When you buy a computer or similar piece of hardware, you expect it to work the way that it says on the box. If it isn’t, this can make your purchase seem like a defect (or if its better than advertised, a lucky break). This is especially true for hard drives, which make up the core of our computer’s storage system.
But even if a hard drive you buy turns out better than expected, dishonest advertising can make you wary of purchasing anything from that manufacturer again. After all, there’s no way to be sure about what else they aren’t telling you. Tap or click here to see 6 free ways to check if your hard drive is faulty.
And now, one hard drive manufacturer is under fire for apparently downplaying the speed of its products. These hard drives, which claim to only spin at 5400 rotations per minute, actually spin closer to 7200rpm. This might sound like a plus, but not everyone is happy with inaccurate descriptions of hardware they paid for. Here’s why.
Western Digital hard drives are overly modest — or are they dishonest?
According to a new report by Ars Technica, several computer enthusiasts on Reddit have discovered a range of hard drives produced by Western Digital aren’t performing the way they claim.
These Western Digital Red drives, which are advertised as spinning at 5400rpm are actually spinning at 7200rpm. This faster spin means improved performance and file retrieval speeds — which are actually good things for many users.
But computer enthusiasts (particularly the ones who build their own custom rigs) aren’t happy with this. Instead, they feel lied to because they specifically wanted the lower RPM for their own machines.
Why buy a lower RPM over a higher one? Simple: Lower RPM hard drives are much less noisy and consume less power. If you’re a gamer, for example, you might want to dedicate more power to your graphic card versus your hard drive. But with these misleading descriptions, making the right choice becomes even more confusing.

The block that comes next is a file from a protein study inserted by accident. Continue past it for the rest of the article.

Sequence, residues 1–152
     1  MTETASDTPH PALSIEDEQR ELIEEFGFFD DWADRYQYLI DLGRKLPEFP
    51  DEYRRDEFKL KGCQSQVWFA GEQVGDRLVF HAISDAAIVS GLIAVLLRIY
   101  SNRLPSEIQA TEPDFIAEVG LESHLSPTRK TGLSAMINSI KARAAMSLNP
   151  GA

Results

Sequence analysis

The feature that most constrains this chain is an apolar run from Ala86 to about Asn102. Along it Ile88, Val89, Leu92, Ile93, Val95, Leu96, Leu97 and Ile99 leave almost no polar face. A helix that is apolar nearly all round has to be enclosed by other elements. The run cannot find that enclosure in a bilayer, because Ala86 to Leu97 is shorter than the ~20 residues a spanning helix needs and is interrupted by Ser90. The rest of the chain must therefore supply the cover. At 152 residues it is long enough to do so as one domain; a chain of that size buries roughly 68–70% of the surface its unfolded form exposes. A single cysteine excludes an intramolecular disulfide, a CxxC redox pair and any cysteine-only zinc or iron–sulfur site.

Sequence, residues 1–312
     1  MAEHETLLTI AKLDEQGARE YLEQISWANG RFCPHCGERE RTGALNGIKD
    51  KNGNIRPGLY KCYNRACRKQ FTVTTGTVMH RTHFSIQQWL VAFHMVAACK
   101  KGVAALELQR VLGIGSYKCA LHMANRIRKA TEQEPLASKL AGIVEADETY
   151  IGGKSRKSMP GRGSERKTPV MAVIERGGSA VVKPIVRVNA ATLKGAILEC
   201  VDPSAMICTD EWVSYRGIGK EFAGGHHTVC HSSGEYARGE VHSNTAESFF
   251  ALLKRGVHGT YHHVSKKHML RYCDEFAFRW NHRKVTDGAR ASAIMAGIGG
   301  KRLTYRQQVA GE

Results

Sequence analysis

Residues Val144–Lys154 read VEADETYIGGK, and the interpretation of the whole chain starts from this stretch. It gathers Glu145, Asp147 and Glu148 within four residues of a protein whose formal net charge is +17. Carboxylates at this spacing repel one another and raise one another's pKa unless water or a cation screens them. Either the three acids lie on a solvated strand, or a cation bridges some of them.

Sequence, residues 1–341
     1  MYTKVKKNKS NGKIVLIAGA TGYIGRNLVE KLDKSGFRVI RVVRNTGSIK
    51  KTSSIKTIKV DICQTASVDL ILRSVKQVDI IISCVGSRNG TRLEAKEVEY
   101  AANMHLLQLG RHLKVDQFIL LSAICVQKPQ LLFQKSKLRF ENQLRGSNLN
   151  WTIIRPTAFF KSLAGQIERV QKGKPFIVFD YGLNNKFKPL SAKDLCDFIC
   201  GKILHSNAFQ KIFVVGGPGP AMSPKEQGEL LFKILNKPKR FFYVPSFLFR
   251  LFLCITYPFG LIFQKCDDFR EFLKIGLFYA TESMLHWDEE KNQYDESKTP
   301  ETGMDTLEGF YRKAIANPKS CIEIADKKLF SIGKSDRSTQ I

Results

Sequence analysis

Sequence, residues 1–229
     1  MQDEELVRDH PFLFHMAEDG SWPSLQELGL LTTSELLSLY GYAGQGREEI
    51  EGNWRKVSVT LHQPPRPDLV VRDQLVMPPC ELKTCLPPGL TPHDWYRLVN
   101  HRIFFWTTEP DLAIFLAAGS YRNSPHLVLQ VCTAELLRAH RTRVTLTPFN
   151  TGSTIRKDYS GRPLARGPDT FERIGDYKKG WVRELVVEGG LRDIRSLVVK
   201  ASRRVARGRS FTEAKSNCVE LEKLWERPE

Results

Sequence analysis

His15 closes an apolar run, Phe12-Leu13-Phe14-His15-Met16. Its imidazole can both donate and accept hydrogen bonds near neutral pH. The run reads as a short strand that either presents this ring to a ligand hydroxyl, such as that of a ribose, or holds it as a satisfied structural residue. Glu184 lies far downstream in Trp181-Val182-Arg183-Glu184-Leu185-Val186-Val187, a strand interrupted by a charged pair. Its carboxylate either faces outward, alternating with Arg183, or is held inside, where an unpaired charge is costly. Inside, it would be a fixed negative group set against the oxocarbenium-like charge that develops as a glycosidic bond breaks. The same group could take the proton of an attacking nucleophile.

But it’s not just the box that’s dishonest here. If you try to run a SMART scan on your PC to see the disc’s performance, the hard drive’s firmware repeats the same claim as the box: 5400rpm.
It took a dedicated Redditor with a high-powered microphone to determine the actual speeds of the drive. For his experiments, he put each drive on a cardboard box and simply recorded and analyzed it while it worked. Take a look at this Twitter thread below and follow along to see how he got his numbers.
This is interesting: Some hard drive geeks have figured out that some WD hard drives are lying about their rotational speed. The SMART data says 5400RPM, the drives are sold as 5400RPM, but if you analyze their performance and sound (!), they’re 7200 RPMhttps://t.co/QL56JMfFo7— foone (@Foone) September 2, 2020
As you can see, when we say “computer enthusiast,” we mean enthusiast.
Why would Western Digital lie like this?
In response to a request for a comment by Ars Technica, Western Digital had the following to say:
For select products, Western Digital has published RPM speed within a “class” or “performance class” for numerous years rather than publishing specific spindle speeds. We also fine-tune select hard drive platforms and the related HDD characteristics to create several different variations of such platforms to meet different market or application needs. By doing so, we are able to leverage our economies of scale and pass along those savings to our customers. As with every Western Digital product, our product details, which include power, acoustics and performance (data transfer rate), are tested to meet the specifications provided on the product’s data sheet and marketing collateral.
Apparently, Western Digital has a different idea about what it means to label a device’s RPM. Instead of directly listing the RPM, it’s categorizing its drives into “classes,” which give it more flexibility in marketing them.
This isn’t, strictly speaking, illegal, but it’s sure confusing for computer geeks who know what they want out of a hard drive.
At the very least, if you’re in the market for a Western Digital Red hard drive, now you’ll know what the RPM listed on the box actually means. Hopefully, some of these dedicated Redditors will take time to record even more drives and let us know if they’re not performing as advertised.
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